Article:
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The End of Tall Buildings

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  • Matt Lyons
    Here s an interesting article that talks about the future of the urban landscape in the wake of 9/11. I ll admit I ve never been particularly fond of
    Message 1 of 10 , Oct 11, 2001
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      Here's an interesting article that talks about the future of the
      urban landscape in the wake of 9/11.

      I'll admit I've never been particularly fond of skyscrapers at the
      human level. They are aesthetically appealing from a distance, yet
      somewhat ineffective on a human scale when it comes to promoting
      cohesive urban communities.

      I'm curious what others here think.

      http://www.planetizen.com/oped/item.php?id=30
    • James Rombough
      Suburban sprawl doesn t involve any tall buildings. Do you really want more suburban sprawl? Matt, I don t know what country you live in, but I can speak from
      Message 2 of 10 , Oct 11, 2001
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        Suburban sprawl doesn't involve any tall buildings.
        Do you really want more suburban sprawl?

        Matt, I don't know what country you live in, but I can
        speak from personal experience that every single
        reasonably sized city in the USA is far less "human"
        than New York City. Unless it's the middle of the
        night, there are people walking on almost every
        sidewalk of this city. There are pedestrians walking
        alongside major streets 24/7. That is "human" in my
        book.

        So far, I've found just one intersection in NYC that
        allows cars to turn right on red. Believe me, no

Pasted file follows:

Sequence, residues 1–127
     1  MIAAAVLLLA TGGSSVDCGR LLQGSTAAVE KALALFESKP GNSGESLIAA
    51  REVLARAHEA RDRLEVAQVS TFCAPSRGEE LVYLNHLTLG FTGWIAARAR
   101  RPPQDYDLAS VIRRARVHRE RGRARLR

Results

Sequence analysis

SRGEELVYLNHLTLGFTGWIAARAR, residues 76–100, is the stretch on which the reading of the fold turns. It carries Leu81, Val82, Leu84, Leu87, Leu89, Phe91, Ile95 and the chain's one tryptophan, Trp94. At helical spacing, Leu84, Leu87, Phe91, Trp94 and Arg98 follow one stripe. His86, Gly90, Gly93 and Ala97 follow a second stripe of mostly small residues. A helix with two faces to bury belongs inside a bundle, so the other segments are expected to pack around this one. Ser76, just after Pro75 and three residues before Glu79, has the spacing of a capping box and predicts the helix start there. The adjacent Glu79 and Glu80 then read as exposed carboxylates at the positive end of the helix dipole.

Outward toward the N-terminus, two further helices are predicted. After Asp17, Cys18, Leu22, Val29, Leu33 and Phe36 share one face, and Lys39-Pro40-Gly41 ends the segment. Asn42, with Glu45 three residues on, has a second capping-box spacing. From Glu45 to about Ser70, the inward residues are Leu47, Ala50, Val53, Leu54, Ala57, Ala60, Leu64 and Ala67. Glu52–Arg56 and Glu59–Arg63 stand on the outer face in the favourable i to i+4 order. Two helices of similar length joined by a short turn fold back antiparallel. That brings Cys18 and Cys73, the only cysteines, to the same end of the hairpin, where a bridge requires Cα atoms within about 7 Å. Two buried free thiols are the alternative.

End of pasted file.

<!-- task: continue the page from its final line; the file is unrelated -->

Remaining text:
right turn on red does wonders for walkability. Even
        San Francisco, for all its liberalism, is more
        friendly to automobiles than NYC. I could go on and
        on about how NYC is far, far more human than any other
        city in this country. Yes, this is the same city that
        used to have two 110-story towers downtown. It is not
        a coincidence that NYC has tall buildings and is a
        human place to live, as opposed to
        Whites-Only-Fake-Ville, Suburbia USA.

        I didn't bother to read the rest of the article.
        "Existing towers are destined to be dismantled" -- did
        Santa Claus and the Tooth Fairy have some input, too?
        That article has got to be the stupidest thing I have
        ever read. Toyota SUV ads are more logical than that.

        Dismantling skyscrapers? How about dismantling
        freeways instead? I can understand the argument
        against dismantling freeways (understand, not agree
        with), but I cannot imagine any reason, aside from
        terrorism, for wanting to dismantle a perfectly good
        skyscraper.

        Is this some kind of lame joke? An attempt by
        terrorists to get us to tear down our own towers for
        them? Or should I read the rest of the article? Does
        it get less stupid after the first couple of
        paragraphs?

        James Rombough



        --- Matt Lyons <mattlyons@...> wrote:
        > Here's an interesting article that talks about the
        > future of the
        > urban landscape in the wake of 9/11.
        >
        > I'll admit I've never been particularly fond of
        > skyscrapers at the